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Actress-turned-director Justine Bateman says her personal journey from having the voice in her head stop being her worst critic and become her strongest supporter was essential to being able to complete her feature directorial debut, Violet.
“When I was getting from a fear-based decision life to an instinct-based decision life, what helped greatly was thinking about these negative thoughts in an objective way,” Bateman told a press conference for Violet at the Toronto Film Festival on Saturday.
Bateman added that came down to simple decisions her negative inner voice forced around clothing. “The example I use is ‘Don’t wear that shirt to the party or no one will talk to you.’ Within myself, I gave it validity. It’s my own thought, I adhere to its accuracy, blindly,” she recalled.
Bateman said choosing to ask herself objective questions turned her life around, like would the party have a dress code, or who would attend. “I would ask questions. I wouldn’t just take it all in as fact. And that made a big difference for me. I could look at it objectively and I could see these things as lies,” she recounted.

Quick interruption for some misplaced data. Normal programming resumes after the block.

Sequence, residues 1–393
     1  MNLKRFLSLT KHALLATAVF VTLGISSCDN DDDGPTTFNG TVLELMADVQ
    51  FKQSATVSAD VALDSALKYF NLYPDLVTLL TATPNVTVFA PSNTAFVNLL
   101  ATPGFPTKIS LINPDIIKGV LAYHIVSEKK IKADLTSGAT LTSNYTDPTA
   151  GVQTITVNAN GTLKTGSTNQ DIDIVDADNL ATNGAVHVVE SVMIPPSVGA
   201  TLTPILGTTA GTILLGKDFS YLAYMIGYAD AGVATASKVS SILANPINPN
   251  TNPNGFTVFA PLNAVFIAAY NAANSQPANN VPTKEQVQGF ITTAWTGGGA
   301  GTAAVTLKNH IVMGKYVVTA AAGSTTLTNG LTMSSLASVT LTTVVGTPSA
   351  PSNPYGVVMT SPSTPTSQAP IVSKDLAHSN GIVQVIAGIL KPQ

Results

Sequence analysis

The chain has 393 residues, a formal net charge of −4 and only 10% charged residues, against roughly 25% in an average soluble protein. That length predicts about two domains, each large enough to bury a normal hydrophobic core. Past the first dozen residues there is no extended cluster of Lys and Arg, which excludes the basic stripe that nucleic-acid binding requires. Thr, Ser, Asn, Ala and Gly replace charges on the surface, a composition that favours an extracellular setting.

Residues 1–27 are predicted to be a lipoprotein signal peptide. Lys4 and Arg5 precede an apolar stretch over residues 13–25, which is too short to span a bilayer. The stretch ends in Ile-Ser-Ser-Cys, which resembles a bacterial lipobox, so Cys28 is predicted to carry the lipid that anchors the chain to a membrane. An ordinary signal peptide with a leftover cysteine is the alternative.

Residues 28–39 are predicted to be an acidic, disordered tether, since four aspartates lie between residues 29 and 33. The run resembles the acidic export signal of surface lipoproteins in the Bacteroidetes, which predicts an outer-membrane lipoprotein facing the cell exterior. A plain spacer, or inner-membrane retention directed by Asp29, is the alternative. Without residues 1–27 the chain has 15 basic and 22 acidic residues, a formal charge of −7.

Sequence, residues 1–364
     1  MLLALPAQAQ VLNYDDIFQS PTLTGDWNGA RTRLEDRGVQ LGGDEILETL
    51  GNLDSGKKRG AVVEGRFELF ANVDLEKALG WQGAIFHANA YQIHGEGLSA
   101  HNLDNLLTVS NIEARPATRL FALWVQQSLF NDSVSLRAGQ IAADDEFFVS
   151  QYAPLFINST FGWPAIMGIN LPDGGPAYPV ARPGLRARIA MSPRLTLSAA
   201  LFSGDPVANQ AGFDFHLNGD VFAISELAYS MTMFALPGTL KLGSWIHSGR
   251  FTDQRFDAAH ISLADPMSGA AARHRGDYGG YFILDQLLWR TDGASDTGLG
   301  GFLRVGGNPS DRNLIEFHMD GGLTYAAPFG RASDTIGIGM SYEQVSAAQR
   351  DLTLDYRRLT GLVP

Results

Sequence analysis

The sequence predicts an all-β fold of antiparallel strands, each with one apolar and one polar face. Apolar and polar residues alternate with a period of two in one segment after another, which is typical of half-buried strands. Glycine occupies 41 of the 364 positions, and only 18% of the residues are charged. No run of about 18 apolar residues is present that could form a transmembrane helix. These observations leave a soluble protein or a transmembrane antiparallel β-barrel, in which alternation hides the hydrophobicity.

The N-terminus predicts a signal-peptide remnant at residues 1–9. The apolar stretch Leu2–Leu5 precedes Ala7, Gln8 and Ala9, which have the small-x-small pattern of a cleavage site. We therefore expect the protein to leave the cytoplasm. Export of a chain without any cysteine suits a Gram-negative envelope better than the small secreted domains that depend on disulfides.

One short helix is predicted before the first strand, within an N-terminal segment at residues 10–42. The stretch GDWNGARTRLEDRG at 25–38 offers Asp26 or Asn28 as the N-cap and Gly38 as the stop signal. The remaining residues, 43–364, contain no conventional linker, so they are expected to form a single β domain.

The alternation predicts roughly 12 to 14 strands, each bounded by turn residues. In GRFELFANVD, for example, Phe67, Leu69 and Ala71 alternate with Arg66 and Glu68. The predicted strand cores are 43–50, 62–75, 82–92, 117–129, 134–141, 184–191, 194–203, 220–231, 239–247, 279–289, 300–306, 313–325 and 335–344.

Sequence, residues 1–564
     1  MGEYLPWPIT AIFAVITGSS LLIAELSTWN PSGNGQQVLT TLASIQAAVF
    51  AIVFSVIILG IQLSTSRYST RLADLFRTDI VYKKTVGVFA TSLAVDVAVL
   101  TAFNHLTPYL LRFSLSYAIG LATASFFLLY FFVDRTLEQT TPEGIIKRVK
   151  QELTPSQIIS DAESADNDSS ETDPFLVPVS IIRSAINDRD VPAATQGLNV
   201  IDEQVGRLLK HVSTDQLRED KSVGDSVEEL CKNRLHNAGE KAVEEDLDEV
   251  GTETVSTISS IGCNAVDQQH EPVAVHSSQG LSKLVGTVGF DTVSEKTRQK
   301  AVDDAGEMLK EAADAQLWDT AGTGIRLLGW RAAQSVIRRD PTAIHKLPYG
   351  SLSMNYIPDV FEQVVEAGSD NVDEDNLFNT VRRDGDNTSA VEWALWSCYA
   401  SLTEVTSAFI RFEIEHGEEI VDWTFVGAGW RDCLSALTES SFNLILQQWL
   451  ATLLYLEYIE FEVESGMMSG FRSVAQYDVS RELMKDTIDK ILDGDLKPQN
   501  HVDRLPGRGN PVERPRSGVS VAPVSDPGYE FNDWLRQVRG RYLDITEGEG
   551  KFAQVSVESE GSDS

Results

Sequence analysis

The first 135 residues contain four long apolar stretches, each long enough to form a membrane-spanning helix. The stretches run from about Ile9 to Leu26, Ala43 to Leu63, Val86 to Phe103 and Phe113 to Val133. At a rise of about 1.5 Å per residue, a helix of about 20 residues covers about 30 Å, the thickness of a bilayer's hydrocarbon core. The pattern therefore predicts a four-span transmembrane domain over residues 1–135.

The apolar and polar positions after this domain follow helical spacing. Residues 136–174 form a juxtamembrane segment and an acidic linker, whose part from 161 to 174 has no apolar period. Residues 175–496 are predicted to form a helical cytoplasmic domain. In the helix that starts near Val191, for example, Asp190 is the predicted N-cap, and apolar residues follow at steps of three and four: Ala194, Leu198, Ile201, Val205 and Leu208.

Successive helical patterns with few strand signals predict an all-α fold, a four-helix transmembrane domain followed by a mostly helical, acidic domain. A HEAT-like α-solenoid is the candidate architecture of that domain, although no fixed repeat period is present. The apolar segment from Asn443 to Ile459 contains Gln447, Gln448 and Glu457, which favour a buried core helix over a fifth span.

So to get the audience for Violet to the other side of the irrational fears of the title character, played by Olivia Munn, Bateman introduced The Voice, where Justin Theroux voices Voilet’s innermost critical fears and questions.
“I wanted to make the voice as different as possible from Olivia — change the gender, change the tone, change where it’s coming in on the speakers in the theater,” she explained. The goal was to have Violet move from the life she feared and held her back to one she wanted to lead.
Violet sees Munn play a Hollywood executive struggling to turn off the hostile voice in her head and live a more authentic life. Bateman said the movie’s audience will hopefully see their own negative thoughts as separate from themselves, so they could analyze them and not just treat lies as facts as Bateman had once done.
Here the actress-director insists people should be able to relate to Violet’s extreme doubts and self-criticism, especially as having to isolate during the pandemic has given everyone more time with their own thoughts.
“Maybe having more free time than we usually have will open the floodgates of thought, maybe it will be true that more people will say, oh my God, I realize now that I got a lot under the rug and I need to clean that out,” Bateman said.
The Toronto Film Festival continues through Sept. 18.
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